I even more so feel for the guy because the following day he did what was right and went to talk to his manager. (Another source states he was ‘called into a meeting.’ Either way…) If he is anything like me, he probably expected an apology and a promise that no such party would happen in the future. Instead, the supervisor told him that he was stealing people’s joy. That would have made me angry, but Kevin hugged himself and asked the manager to stop, which lead to his firing. They escorted him out and terminated him because they feared he might get violent and become a threat. (Violence is not the answer here but it boggles my mind how people push other people’s buttons and are then surprised that someone reacts.)

Kevin won $450,000 (for emotional distress and lost wages) because the court decided that he was fired unfairly (due to disability discrimination and retaliation). The employer plans to appeal the verdict.

This case made me ponder workplace Birthdays. Those really often feel like they are more for other employees than the person whose birthday is celebrated. It is just another excuse to take time off work and to indulge in cake. If that is the case – then just host office socials on a regular basis (once a month). That way everyone is happy.

Read more:

A woman leaves her surprise party after being ignored all day and is inundated with messages from upset family members and friends.

A man instinctively pulls a gun out when he walks inside and is faced with a surprised party.

Some people like surprises. Some do not.

Some people like parties. Some do not.

Learn what THEY want on THEIR day.

If you are throwing a party for someone but really it is for you – stop and think. Maybe you should throw two parties – one for yourself and one for the other person.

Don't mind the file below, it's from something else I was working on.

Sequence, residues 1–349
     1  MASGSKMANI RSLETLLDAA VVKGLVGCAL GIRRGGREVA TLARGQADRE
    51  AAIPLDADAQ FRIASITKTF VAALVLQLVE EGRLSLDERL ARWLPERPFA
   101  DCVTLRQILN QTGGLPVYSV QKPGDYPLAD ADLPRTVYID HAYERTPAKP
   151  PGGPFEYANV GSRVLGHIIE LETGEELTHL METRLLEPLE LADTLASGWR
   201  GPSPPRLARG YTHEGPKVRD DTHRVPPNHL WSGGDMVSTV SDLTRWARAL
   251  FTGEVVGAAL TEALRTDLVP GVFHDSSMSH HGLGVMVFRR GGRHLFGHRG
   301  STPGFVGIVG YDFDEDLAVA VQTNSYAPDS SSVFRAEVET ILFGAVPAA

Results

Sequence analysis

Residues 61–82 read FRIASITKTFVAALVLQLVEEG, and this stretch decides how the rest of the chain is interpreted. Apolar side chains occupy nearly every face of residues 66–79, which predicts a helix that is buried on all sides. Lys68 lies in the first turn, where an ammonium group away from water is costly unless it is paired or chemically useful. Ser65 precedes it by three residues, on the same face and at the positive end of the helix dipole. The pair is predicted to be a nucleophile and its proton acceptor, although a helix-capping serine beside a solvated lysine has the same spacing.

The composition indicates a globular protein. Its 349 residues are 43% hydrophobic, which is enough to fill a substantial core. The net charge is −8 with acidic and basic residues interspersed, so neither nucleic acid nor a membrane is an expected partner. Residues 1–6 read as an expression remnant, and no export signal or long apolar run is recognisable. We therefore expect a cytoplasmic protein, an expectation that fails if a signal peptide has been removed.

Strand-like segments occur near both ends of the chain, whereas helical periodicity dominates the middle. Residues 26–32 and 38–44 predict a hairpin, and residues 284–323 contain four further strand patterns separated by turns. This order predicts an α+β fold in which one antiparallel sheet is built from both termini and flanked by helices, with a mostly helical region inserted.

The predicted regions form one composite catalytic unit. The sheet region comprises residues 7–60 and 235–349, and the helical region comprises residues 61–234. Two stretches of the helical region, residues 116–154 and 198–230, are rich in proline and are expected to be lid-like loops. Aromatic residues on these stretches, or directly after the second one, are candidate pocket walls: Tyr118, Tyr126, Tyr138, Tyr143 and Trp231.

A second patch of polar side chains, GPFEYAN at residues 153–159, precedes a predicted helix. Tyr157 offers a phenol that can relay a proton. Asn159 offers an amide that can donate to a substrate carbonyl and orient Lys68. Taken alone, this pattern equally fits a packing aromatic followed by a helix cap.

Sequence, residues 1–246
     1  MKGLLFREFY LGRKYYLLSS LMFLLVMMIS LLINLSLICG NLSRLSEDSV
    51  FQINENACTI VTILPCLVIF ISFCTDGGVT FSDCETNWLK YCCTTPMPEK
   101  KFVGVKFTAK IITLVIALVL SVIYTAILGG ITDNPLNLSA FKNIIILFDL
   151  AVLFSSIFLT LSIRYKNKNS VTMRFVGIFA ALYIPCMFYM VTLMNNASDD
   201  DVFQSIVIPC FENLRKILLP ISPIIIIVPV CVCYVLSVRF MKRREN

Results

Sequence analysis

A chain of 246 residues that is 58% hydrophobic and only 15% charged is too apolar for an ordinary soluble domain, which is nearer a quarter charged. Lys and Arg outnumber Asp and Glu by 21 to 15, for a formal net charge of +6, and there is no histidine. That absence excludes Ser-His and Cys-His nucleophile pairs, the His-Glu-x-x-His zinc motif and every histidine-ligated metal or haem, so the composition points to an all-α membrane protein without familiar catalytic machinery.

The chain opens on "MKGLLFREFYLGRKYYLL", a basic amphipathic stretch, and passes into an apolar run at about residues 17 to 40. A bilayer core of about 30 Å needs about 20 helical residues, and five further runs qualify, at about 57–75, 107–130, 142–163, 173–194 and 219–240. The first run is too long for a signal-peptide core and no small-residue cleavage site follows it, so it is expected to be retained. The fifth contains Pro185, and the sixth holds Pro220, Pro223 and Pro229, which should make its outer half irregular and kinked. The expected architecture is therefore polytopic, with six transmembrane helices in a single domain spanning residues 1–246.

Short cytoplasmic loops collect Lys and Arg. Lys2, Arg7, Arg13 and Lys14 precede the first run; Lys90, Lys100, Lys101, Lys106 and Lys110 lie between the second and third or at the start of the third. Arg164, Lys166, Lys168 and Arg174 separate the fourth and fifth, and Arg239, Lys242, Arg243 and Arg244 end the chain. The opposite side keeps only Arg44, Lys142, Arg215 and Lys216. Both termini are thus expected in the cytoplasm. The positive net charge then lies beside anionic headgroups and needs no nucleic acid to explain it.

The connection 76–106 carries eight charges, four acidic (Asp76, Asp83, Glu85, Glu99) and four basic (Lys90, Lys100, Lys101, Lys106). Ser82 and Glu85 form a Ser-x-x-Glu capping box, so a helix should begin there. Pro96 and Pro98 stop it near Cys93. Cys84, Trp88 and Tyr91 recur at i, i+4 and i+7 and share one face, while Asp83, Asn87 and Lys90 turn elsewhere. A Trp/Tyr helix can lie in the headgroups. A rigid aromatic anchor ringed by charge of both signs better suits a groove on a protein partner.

• What do you think about office parties?
  • Do your co-workers know when your Birthday is? (And do you know theirs?)
  • What is your go-to gift for your co-workers?
  • How do you find out what people’s Birthdays are?
  • What would you do if someone threw you a party even if you explicitly told them not to?

Stay golden,

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51 thoughts on “NROP: No Birthday Party For Me.

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    1. I remember working on a floor with different teams. One day, one of the people from the other team either had a Birthday or was retiring. I didn’t really know them at all but their teammates decided it would be a good idea for EVERYONE to sign the card. I wasn’t comfortable with that (I much prefer to personalize a card rather than just sign my name – it feels dejected) but did it anyway. Afterwards, I wondered if that person scratched their head looking at my name and wondered who that name was.

      The ‘1.75 people’ part made me chuckle. Yea, those are quite funny but I understand that if there are many people, you cannot be spending a lot of money on each or you’d go bankrupt. When the gift card if for a small amount, I sometimes wonder if the person gifting it made a pact with Starbucks (or other such place) because even if you don’t normally shop at that place, you will want to go in and redeem all your ‘money.’ And at one point (unless you calculate things really well), you will have to add your own money to the order.

      Liked by 1 person

      1. Yes, I would limit the card to those on the more inner circle team than the floor, totally agree. It’s true about spending at least a few dollars more at Starbucks because of the gift card. I don’t go there usually, unless I am stuck in an airport and have no other options (something that hasn’t happened in a long time!).

        Liked by 1 person

        1. That’s pretty funny – I am pretty much the same with Starbucks at airports. However, I am over the moon when I actually find another place to get a drink from while waiting for the plane.

          Like

  1. If we were back in the 1700’s or earlier, you probably were celebrating your birthday on the wrong day of the year, year after year. Imagine all the folks obsessed with honoring days like easter or xmas and the fact that they never actually hit the right day: Julian vs Gregorian calendar errors.

    Liked by 1 person

    1. Hehehehhehe
      Well, I kinda celebrate my Birthday in different time zones due to people scattered around the globe, which makes me wonder which day is the real deal. Does it count only per the time zone of the place I was born in or…